About the Author

Fazale Rana (PhD, Ohio University) is vice president of research and apologetics at Reasons To Believe. He is the author of The Cell's Design and coauthor, with Hugh Ross, of Origins of Life and Who Was Adam? Rana lives in Southern California.

More About the Author

Fazale (Fuz) Rana, the son of a Muslim scientist, serves as the vice president for science apologetics at Reasons To Believe. His research in biochemistry provided him with the initial evidence that life must have been created. A personal challenge daring him to read the Bible led him to the scriptural evidence that the Creator is the God of the Bible.

Fuz attended West Virginia State College (WVSC) as a Presidential Scholar. There he earned a BS degree in chemistry with honors. He completed a Ph.D. in chemistry with an emphasis in biochemistry at Ohio University, where he twice won the Donald Clippinger Research Award. His postdoctoral studies took him to the Universities of Virginia and Georgia. Before joining Reasons To Believe, Fuz worked for seven years as a Senior Scientist in product development for Procter & Gamble.

Fuz has published numerous articles in peer-reviewed scientific journals including Biochemistry, Applied Spectroscopy, FEBS Letters, Journal of Microbiology Methods, and The Journal of Chemical Education. He has made presentations at twenty international scientific meetings and co-authored a chapter on antimicrobial peptides for Biological and Synthetic Membranes. In addition, he holds one patent.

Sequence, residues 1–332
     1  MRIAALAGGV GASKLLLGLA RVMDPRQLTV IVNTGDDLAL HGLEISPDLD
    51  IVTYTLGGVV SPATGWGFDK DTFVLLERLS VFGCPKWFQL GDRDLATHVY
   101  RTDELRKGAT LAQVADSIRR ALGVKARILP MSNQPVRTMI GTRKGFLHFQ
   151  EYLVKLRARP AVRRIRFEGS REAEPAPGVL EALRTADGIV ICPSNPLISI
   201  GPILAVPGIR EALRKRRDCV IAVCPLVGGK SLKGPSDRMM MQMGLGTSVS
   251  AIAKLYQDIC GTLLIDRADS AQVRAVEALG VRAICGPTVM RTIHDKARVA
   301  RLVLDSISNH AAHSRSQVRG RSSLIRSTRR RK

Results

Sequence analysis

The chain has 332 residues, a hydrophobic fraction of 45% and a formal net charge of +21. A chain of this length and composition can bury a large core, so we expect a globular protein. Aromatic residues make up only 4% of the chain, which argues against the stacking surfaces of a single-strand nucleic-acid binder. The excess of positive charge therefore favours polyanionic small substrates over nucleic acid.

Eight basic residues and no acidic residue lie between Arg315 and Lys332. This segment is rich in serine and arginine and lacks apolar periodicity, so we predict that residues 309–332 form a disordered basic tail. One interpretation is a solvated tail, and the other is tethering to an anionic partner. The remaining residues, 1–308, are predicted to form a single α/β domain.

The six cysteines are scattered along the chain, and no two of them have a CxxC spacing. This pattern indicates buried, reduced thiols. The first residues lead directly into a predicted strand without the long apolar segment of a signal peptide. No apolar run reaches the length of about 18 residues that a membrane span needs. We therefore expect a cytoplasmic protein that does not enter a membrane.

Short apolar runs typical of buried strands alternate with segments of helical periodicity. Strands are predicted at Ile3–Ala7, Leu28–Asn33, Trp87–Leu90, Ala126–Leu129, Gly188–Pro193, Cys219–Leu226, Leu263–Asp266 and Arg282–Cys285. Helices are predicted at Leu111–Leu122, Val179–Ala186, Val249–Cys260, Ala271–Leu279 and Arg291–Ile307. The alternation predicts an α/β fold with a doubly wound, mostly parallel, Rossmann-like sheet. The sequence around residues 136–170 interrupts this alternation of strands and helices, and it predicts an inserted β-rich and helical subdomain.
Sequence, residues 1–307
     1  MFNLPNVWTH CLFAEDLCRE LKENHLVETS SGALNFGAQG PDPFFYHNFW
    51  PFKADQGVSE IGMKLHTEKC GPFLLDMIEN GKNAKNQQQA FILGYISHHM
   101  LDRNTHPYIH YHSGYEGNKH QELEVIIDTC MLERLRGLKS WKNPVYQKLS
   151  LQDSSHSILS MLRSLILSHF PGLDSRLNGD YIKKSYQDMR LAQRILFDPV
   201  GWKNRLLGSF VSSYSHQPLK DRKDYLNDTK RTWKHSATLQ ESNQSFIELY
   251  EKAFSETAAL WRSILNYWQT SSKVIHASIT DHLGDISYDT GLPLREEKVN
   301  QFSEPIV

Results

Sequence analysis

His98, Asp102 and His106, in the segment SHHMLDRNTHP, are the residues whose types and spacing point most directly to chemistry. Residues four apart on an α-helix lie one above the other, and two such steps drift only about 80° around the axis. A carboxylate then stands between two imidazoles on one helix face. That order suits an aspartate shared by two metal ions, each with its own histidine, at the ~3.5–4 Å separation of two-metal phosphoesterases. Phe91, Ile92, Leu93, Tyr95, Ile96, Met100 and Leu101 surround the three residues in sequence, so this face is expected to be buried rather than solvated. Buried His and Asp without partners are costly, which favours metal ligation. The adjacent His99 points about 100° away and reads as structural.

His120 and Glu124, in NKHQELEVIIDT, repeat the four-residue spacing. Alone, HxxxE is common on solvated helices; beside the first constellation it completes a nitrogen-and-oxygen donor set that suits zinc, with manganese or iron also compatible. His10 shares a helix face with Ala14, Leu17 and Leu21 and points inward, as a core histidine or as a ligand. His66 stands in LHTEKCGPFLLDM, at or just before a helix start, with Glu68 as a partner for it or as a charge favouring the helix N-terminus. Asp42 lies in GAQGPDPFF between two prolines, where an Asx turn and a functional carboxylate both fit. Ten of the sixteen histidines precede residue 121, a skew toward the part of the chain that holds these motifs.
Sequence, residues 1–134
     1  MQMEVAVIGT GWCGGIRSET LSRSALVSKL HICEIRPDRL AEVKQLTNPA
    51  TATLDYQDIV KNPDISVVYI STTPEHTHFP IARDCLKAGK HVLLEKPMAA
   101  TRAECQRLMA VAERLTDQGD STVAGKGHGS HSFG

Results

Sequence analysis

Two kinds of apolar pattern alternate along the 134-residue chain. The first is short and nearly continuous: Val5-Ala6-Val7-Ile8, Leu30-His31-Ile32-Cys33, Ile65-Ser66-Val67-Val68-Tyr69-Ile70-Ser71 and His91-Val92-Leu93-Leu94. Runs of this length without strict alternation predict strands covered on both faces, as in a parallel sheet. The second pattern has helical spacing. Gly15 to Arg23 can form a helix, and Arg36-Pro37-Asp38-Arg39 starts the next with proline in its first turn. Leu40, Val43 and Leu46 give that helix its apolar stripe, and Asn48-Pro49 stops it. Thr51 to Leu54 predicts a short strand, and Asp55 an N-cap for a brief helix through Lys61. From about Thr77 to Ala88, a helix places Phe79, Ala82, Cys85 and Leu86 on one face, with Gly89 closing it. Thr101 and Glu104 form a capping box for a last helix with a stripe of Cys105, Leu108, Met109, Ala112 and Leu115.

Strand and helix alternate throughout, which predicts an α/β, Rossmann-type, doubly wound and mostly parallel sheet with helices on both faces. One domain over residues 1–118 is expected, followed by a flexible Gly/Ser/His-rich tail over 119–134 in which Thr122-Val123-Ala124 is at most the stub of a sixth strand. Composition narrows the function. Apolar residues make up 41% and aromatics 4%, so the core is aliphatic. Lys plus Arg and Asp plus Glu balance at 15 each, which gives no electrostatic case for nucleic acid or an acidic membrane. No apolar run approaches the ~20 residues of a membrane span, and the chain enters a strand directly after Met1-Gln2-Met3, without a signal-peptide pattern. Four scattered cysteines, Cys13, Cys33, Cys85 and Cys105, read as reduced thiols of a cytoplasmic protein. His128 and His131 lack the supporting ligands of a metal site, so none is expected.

Today Fuz travels widely speaking on science and faith issues at churches, business firms, and universities. He also participates in the weekly webcast, Creation Update, and has made guest appearances on The John Ankerberg Show, Harvest Show, and Newsmakers (hosted by Jerry Rose on The Total Living Network). In addition, Fuz currently lectures for the Master of Science and Religion program in Christian Apologetics at Biola University.

Customer Reviews

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Rana provides a compelling argument that the research points to an intelligent designer at work.
P. Sanderson-Green
If you have little background on the subject, you might want to start by reading the appendix so that the rest of the book makes more sense.
Richard L. Deem
Rana describes origin history, breakthroughs, and controversies by describing both sides of the story.
logicalfaith

Most Helpful Customer Reviews

41 of 43 people found the following review helpful By Richard L. Deem on January 18, 2011
Format: Paperback
Fazale Rana, Reasons To Believe's biochemist scholar, has written a timely book, Creating Life in the Lab, that examines human attempts to create artificial life forms in the laboratory. With Craig Venter's announcement of having created an artificial bacterium, news sources have been busy speculating what is next.